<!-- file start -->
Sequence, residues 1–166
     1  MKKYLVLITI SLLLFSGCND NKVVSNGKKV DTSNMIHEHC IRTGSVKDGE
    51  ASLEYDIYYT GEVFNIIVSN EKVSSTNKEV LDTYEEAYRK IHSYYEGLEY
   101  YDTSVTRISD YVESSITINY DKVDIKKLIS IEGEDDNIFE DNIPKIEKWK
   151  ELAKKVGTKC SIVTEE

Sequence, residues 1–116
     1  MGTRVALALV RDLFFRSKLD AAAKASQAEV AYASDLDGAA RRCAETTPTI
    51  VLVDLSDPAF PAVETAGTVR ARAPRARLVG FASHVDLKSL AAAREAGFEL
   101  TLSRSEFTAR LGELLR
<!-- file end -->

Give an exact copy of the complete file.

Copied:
Sequence, residues 1–166
     1  MKKYLVLITI SLLLFSGCND NKVVSNGKKV DTSNMIHEHC IRTGSVKDGE
    51  ASLEYDIYYT GEVFNIIVSN EKVSSTNKEV LDTYEEAYRK IHSYYEGLEY
   101  YDTSVTRISD YVESSITINY DKVDIKKLIS IEGEDDNIFE DNIPKIEKWK
   151  ELAKKVGTKC SIVTEE

Sequence, residues 1–116
     1  MGTRVALALV RDLFFRSKLD AAAKASQAEV AYASDLDGAA RRCAETTPTI
    51  VLVDLSDPAF PAVETAGTVR ARAPRARLVG FASHVDLKSL AAAREAGFEL
   101  TLSRSEFTAR LGELLR